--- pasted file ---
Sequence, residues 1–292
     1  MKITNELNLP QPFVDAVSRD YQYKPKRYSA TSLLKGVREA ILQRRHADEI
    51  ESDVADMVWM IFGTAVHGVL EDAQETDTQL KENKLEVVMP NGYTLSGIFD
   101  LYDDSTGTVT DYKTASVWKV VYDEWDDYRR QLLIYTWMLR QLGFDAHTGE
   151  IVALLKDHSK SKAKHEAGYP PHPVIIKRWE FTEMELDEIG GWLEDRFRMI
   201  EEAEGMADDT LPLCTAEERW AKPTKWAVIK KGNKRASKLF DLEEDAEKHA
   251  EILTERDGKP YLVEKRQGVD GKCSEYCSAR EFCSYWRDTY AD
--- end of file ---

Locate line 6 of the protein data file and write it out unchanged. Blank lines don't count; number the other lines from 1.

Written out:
   201  EEAEGMADDT LPLCTAEERW AKPTKWAVIK KGNKRASKLF DLEEDAEKHA